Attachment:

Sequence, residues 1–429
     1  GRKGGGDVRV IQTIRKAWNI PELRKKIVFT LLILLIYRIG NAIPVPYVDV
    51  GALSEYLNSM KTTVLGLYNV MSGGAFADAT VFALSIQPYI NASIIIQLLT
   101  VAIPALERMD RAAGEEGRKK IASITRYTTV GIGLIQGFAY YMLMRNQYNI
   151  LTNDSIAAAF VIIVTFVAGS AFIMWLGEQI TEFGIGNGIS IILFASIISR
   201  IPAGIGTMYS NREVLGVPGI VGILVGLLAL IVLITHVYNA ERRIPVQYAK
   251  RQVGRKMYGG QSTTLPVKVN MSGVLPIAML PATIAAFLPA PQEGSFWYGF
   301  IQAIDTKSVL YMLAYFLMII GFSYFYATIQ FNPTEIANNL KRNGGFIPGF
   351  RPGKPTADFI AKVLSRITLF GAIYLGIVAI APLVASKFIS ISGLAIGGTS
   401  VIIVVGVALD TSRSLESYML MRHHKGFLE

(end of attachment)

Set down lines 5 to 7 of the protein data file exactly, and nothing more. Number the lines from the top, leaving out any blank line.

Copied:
   151  LTNDSIAAAF VIIVTFVAGS AFIMWLGEQI TEFGIGNGIS IILFASIISR
   201  IPAGIGTMYS NREVLGVPGI VGILVGLLAL IVLITHVYNA ERRIPVQYAK
   251  RQVGRKMYGG QSTTLPVKVN MSGVLPIAML PATIAAFLPA PQEGSFWYGF